Indira Allegra: A Letter From Penelope

Indira Allegra: A Letter From Penelope

Published on Tuesday, March 30, 2021. This article appears in the Spring 2021 issue of American Craft Magazine.
Portrait of Indira Allegra

Photo courtesy of the artist.

A Letter from Penelope. Informed by the ritual, relational, and performative aspects of weaving, Indira Allegra explores memorial as a vital part of the human experience—and as a genre through performance, sculpture, and installation. They also explore, as they say, “the repetitive crossing of forces held under tension, be they material, social, or emotional.” A leader in the performative craft movement, they are the winner of the 2019/2020 Burke Prize, a former Windgate Craft Fellow, a Fleishhacker Eureka Fellow, a triennial 2019–2022 Montalvo Art Center Sally and Don Lucas Artist Fellow, and part of ARTFORUM International’s “Best of 2020.”

To mark one year since the start of the COVID pandemic, we asked Allegra (pictured above) to write a letter to our readers. In the letter, published below, they drew upon Homer’s epic poem Odyssey, in which Penelope spends 20 years weaving and unraveling a burial garment—and fighting off 108 suitors—waiting for her husband Odysseus to return home from the Trojan War.

—The Editors

My Friend,

Odysseus is not a man but an aspect of myself who has gone out to sea. My grieving self. As Penelope, I can tell you that the suitors were not people either—but distractions from the grief I have been using my performance of threadcraft to attend to. It is tempting to believe Homer’s version of my life—that I would suffer a longing for an absent spouse for 20 years, weaving and unraveling a shroud to evade the advances of other suitors to prove my fidelity. But it’s not like that.

There are mornings where you wake knowing part of yourself has simply departed and it will be a while until your body feels like a home to you again. It is a time for mourning—an outward display of grief that might otherwise go unseen by others. It could have been The Need To Fight that called you to sea. Maybe it was the presence of Other Temptations, terrible consumptions that caused your mourning self to slip out onto open water in search of comfort. Whatever it was for you, My Friend, the way to nourish ourselves moving forward is to call all parts of ourselves home by reaching for whatever material feels like it is touching us back—pressing us back into ourselves. Craft is not about the object, so much as it is about our relationship over time with that which touches us back.

My suitors, on the other hand, sought a kind of extractive touch. There were 108—each an elaborate excuse to abandon my grieving self. My Friend, do not abandon your grieving self. The fidelity that matters in this story is about maintaining the fidelity to one’s own grieving process. And it takes time. We can nourish ourselves this spring by loving our grieving selves and reminding them that they belong Home with us also as we learn to coexist with a changing virus and build a world that is better than the “normal” that came before. Without a regular commitment to attending grief when it arises—we cannot meet the moment.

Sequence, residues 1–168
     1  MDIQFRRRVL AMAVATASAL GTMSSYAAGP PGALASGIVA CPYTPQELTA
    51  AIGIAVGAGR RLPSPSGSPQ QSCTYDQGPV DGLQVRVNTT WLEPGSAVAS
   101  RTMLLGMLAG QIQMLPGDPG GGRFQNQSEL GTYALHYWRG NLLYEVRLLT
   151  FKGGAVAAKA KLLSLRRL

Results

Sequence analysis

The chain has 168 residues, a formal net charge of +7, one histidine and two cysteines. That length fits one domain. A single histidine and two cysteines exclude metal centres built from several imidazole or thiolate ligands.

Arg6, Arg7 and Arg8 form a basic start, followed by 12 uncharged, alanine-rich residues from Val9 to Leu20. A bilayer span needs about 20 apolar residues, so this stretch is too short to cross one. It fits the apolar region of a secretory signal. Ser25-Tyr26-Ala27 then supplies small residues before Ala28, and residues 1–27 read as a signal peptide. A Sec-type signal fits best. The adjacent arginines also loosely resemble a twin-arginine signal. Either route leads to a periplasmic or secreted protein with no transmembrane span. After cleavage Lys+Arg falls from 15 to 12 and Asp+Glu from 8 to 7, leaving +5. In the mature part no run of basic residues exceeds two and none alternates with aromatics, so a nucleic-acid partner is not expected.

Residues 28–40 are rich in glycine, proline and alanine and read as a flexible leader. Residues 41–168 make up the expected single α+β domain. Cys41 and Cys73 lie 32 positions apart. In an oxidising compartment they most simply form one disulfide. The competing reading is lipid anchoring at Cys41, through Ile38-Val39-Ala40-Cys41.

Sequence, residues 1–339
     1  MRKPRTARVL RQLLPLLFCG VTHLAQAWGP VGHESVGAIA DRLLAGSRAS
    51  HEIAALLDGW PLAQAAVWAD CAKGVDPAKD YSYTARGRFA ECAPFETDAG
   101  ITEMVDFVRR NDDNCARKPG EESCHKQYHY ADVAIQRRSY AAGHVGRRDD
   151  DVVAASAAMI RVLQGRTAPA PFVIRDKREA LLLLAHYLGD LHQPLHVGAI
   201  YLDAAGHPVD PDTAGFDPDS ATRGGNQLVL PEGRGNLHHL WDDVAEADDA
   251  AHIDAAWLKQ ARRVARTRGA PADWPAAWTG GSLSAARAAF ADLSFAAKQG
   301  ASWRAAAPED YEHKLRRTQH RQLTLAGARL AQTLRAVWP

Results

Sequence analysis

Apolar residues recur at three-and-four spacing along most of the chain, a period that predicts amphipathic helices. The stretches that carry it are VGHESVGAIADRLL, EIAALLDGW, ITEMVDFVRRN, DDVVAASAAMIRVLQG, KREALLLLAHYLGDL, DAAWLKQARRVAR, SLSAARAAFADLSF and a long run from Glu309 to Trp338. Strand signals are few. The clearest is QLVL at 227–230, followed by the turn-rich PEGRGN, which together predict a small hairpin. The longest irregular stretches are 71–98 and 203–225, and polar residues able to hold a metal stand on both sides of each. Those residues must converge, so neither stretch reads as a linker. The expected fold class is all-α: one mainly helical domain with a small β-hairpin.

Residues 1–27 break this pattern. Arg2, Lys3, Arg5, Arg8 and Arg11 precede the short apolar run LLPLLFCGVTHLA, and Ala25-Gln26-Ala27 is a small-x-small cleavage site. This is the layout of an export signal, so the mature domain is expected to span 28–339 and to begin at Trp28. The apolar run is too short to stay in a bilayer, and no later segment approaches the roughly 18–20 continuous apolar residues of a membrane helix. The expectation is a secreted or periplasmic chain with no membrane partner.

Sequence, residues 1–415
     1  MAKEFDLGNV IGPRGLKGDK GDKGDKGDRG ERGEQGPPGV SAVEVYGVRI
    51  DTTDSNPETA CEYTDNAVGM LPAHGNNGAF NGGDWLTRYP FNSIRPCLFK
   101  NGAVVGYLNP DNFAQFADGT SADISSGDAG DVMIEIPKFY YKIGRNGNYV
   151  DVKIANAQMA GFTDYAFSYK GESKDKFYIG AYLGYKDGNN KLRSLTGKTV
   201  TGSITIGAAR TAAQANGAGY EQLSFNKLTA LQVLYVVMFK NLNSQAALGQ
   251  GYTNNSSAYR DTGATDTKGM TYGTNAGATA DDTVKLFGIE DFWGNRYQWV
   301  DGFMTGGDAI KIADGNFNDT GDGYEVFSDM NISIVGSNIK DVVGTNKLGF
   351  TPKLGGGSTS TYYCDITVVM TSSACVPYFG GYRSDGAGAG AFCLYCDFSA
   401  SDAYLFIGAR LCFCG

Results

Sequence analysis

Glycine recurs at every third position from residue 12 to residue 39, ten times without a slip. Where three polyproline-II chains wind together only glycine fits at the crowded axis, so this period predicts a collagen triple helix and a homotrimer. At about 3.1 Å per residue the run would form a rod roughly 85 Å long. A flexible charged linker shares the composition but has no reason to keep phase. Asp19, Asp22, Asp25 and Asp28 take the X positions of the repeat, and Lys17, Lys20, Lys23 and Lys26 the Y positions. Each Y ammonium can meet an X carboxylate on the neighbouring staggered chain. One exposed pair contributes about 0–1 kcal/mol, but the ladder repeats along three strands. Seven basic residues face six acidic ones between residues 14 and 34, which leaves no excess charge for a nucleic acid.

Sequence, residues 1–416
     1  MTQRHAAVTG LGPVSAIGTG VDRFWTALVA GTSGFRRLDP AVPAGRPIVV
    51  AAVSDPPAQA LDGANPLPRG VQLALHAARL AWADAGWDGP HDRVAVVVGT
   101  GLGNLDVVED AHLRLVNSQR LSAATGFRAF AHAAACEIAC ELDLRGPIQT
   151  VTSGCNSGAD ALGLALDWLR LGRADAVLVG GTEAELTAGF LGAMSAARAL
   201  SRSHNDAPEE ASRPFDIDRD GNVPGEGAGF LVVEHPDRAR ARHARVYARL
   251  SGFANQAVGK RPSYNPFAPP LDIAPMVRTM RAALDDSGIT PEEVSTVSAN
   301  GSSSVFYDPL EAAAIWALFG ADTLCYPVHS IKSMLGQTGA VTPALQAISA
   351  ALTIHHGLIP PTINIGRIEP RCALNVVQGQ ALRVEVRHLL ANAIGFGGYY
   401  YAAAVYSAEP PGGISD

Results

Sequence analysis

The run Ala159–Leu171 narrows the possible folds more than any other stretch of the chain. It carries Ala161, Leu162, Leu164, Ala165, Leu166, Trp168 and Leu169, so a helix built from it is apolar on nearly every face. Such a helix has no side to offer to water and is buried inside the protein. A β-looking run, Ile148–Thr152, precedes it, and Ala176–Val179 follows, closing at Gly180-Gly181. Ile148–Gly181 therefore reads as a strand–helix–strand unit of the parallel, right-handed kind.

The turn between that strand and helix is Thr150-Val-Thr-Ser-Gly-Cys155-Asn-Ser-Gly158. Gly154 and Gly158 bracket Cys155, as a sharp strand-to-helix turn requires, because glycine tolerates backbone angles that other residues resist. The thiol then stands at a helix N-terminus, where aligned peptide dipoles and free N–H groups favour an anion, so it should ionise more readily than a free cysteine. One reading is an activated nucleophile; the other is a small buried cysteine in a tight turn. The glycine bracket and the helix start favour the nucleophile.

I cared for my mourning self by turning to thread to mark the passage of time and my feeling of suspension within it. I needed the gentle hiss of weft being pulled from the shroud. That flossing of the warp was a way for me to weep quietly at night while I waited for the part of myself I call Odysseus to return back to the Home of my body. The performance of weaving and unraveling was the memorial I needed, not the shroud. I needed to show people I was unraveling inside, and this honesty was the most nourishing thing.

I believe we can use materials to perform the memorials we need, which come out of our bodies’ own unique relationship to grief. The era of solely relying on larger-than-life physical memorials in public squares to represent a “universal” experience of grief is waning. Each of us needs to take responsibility for making our own memorials specific to our own experiences of loss. Those of us who have skills as makers are especially gifted to meet the moment.

We can craft new mythologies for the world we want to live in with the understanding that loss will always be a normal part of lived experience. We can use the qualities of courage and patience which are cultivated through our art practices to take an honest assessment of the historical materials we have been offered—soaked as they are with complexity—and learn how to transform them into something that, if nothing else, adds meaning to our lives. And I believe a life of meaning may be the most nourishing thing of all.

Come. Let us all meet on the shore of this spring and face the horizon to call ourselves Home to ourselves.

With great love,
The Weaver

—Indira Allegra

More From Indira Allegra

Indira Allegra is a speaker in our American Craft Forum coming up on April 1. Don't miss this oppportunity to hear them share about their practice in dialogue with other artists and leaders in the field. Register here.

Indira is also one of nine artists featured in Desire Paths, an exhibition on view at Center for Craft in Asheville, North Carolina, February 5–May 28, with virtual tours available. Learn more here.

Indira Allegra BODYWARP Ravel

Indira Allegra, BODYWARP: Ravel, 2020. Photo by Kimi Mojica, courtesy of the artist.